Good morning. Appreciate all the details on Slide 11 here, the allowance for credit losses. Maybe you have had it before, but more relevant now, and good detail. If you had to kind of guesstimate in a moderate recession that $1.2 billion of total ACL, where does that go?

Sharon Yeshaya — Chief Financial Officer

I think that is a very difficult question to answer. I think that what you can look at and think about it is, obviously, the economic scenario makes sense. The GDP makes sense, the size of the — where the growth actually comes from and goes, and then there is some extension of duration that you can see dependent on the rate rise expectation.

Matt O’Connor — Deutsche Bank — Analyst

Okay. Any way to frame, does it double or triple? Obviously, a lot of the loans are in Wealth Management, which is just not going to — you would think have as much loss content, but any way to frame generically how high it could go?

James Gorman — Chairman and Chief Executive Officer

Yes, I would…

Sharon Yeshaya — Chief Financial Officer

I mean you know what I would do — I would say is why don’t you think about it as it relates to COVID, right. You can think about where we were from a COVID perspective. And so let’s talk ISG specifically. The provisions this quarter are 82%. It was almost 4x that when you think about where we were from a COVID perspective.

Matt O’Connor — Deutsche Bank — Analyst

Okay. That’s helpful.

James Gorman — Chairman and Chief Executive Officer

I would just point out that — sorry. I would just point out that the Wealth Management piece, ACL percentage is 0.1. These are very different kinds of loans from traditional consumer banking loans. So, you are just not going to see at least for that part of a major, major move. For the others, I think it’s just — you can’t project. I mean who knows what kind of recession — a recession might be, how long it might be and so on. But we manage this business conservatively and we don’t have a big traditional middle market, small business loan book. We just don’t have that kind of business.

Matt O’Connor — Deutsche Bank — Analyst

That’s helpful. And then just a clarification question, the total DCP for the firm, you mentioned $515 million revenue impact in Wealth, but what’s the firm-wide revenue and expense impact, please?

Sharon Yeshaya — Chief Financial Officer

It’s non-material per business line, which is why we don’t call out the number.

James Gorman — Chairman and Chief Executive Officer

The reason we called it out in Wealth, just to be clear, was Wealth actually had a great quarter, revenue growth, new money growth, fee-based growth and margins year-over-year, the same at 27% in a very difficult environment. So, we thought it was kind of raining on the party a little bit that the DCP took $500 million off the top line number, even though it comes out of the comp expense number almost dollar-for-dollar, not quite. So, that’s why we called it out. Ordinarily, we wouldn’t call out DCP. We don’t make a big deal of it. It’s kind of — it’s an accounting issue. It’s not a business issue. So, we are not often that excited about it. But we just thought given you would all be interested in how the retail investor was behaving right now and what was going on in that business and how panic they were, the short answer is not very, behaving well, business stable, saw growth. Hence, we want to call it out.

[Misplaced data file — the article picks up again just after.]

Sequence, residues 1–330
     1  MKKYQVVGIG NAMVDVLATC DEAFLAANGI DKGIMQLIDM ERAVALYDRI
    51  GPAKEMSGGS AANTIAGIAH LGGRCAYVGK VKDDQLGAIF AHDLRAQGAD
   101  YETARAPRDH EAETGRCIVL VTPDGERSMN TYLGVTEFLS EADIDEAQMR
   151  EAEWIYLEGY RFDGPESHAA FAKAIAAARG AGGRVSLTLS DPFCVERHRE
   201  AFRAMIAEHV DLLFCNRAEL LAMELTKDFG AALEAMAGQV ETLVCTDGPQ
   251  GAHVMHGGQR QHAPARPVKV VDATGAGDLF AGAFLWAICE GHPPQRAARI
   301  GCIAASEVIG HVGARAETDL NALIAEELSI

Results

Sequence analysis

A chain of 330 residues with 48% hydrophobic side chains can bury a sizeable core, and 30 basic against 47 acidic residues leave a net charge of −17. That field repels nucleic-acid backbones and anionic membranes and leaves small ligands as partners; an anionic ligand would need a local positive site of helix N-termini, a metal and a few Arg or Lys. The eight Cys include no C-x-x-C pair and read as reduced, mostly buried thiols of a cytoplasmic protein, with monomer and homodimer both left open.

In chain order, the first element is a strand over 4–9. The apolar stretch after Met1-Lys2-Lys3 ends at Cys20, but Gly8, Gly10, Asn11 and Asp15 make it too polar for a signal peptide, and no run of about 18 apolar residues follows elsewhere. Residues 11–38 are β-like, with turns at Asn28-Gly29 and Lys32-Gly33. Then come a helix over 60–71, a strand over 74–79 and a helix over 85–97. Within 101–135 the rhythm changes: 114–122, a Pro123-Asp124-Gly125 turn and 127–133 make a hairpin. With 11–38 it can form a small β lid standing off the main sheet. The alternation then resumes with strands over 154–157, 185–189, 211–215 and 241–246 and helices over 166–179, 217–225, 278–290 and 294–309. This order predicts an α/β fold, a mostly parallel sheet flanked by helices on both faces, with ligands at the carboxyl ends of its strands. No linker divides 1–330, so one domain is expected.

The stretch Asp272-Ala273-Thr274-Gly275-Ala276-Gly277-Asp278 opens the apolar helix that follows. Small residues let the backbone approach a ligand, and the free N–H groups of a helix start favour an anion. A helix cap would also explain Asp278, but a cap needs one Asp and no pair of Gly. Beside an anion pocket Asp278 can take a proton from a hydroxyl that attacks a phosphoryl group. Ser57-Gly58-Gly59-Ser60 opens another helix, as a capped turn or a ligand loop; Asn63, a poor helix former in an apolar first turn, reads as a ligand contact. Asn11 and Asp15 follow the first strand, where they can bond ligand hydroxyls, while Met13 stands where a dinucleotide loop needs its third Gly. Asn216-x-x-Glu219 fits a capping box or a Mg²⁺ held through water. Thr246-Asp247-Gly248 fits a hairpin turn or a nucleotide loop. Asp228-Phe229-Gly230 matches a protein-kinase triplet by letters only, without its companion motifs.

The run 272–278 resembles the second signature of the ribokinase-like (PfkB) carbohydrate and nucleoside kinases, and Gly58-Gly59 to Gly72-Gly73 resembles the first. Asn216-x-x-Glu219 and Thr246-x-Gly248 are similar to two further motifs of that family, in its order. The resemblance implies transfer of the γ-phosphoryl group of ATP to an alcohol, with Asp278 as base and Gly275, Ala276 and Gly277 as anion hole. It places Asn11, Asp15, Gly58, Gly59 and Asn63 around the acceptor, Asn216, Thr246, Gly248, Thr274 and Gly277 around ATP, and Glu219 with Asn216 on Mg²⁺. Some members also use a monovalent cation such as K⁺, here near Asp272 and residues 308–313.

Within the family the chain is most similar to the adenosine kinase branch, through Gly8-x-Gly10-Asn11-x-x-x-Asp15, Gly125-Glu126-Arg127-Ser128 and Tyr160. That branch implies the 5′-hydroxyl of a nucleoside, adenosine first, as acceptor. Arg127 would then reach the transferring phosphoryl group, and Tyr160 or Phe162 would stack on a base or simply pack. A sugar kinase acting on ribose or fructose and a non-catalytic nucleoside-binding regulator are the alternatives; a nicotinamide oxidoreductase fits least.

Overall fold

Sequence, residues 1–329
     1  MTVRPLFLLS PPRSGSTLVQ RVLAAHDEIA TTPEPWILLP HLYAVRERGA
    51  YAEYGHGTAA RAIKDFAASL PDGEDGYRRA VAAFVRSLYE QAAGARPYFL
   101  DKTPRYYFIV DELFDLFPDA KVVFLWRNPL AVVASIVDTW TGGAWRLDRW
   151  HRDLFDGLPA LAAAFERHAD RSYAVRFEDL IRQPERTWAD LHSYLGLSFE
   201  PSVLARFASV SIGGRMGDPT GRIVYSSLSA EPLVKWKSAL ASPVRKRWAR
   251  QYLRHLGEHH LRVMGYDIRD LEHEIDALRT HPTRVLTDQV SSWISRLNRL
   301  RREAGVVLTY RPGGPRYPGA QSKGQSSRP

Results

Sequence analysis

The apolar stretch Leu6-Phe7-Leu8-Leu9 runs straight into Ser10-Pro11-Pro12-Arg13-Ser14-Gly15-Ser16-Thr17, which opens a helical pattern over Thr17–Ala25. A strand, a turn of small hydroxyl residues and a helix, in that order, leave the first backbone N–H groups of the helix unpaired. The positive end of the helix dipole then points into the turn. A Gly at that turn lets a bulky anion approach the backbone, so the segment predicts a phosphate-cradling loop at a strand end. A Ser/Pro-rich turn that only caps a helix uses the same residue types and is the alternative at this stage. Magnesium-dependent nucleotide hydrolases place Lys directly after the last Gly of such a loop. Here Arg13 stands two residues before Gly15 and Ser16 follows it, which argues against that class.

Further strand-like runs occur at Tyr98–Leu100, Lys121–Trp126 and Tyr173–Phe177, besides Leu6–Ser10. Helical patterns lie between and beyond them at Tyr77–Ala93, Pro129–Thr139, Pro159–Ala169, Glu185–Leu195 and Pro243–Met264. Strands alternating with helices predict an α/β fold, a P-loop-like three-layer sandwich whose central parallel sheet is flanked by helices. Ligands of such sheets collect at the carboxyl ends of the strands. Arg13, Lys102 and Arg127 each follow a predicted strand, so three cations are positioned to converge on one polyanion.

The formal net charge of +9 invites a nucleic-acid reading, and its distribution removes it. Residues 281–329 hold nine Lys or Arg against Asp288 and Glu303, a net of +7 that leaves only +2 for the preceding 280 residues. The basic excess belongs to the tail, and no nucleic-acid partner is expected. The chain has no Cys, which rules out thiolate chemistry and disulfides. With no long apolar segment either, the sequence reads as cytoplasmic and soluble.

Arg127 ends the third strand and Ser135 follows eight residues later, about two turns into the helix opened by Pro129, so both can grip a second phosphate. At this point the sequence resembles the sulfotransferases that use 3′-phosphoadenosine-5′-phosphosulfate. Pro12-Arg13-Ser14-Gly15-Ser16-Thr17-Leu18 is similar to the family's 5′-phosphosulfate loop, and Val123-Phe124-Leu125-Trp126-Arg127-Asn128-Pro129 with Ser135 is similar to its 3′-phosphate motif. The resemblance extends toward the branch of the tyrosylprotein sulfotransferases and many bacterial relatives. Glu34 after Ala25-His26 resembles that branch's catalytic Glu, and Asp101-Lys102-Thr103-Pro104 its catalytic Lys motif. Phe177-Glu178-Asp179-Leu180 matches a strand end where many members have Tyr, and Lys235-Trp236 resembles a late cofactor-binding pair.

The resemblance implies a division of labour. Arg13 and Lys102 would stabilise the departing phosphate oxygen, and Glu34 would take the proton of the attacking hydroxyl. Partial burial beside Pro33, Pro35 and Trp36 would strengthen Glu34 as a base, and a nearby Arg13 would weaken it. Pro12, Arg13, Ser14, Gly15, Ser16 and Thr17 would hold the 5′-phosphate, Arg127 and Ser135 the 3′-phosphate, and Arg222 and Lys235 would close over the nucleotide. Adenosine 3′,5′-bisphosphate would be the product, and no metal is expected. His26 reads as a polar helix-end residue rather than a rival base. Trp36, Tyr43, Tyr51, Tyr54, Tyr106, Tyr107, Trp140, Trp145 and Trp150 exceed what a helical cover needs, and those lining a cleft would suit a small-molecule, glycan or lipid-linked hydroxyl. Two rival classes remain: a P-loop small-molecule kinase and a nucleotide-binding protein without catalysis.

Operator

Thank you. We’ll take our next question from Jim Mitchell with Seaport Global.

James Mitchell — Seaport Global — Analyst

Hey. Good morning. Maybe just on the RWA decline, was that a deliberate reduction, or is that more market-driven? And if somewhat — some deliberate actions, can you kind of give us a little more clarity on what those actions were specifically and if that can continue?

Sharon Yeshaya — Chief Financial Officer

Yes. It was both is the way I would answer it. There are obviously market declines that had to do with it as well. But this was a very thoughtful use and approach around efficient uses of RWAs. And where does it make sense from a business perspective given the uncertainty, and I think there is a very — as I said, the same way when we think about the expenses, it’s about being efficient and thoughtful and very prudent and flexible with all of that environment. So, it’s both of those things that were taken into account when thinking about the RWA decline.

James Gorman — Chairman and Chief Executive Officer

Listen, I want to make an important point here. We regard our capital ratios as sacrosanct. These are a big deal for us. We have spent a decade building them. We like having excess capital for exactly this environment we are in now. We can buy back up to $20 billion and a bunch that we are going to be doing, hopefully, in the low-70s. So, making sure we give ourselves that flexibility, demonstrating discipline in a tough environment. I think Ted and the ISG team did a phenomenal job in driving that number down. And obviously, it’s driven in part by volatility in the market, so things outside of their control. But this is something that we should and will try and control as best as we can.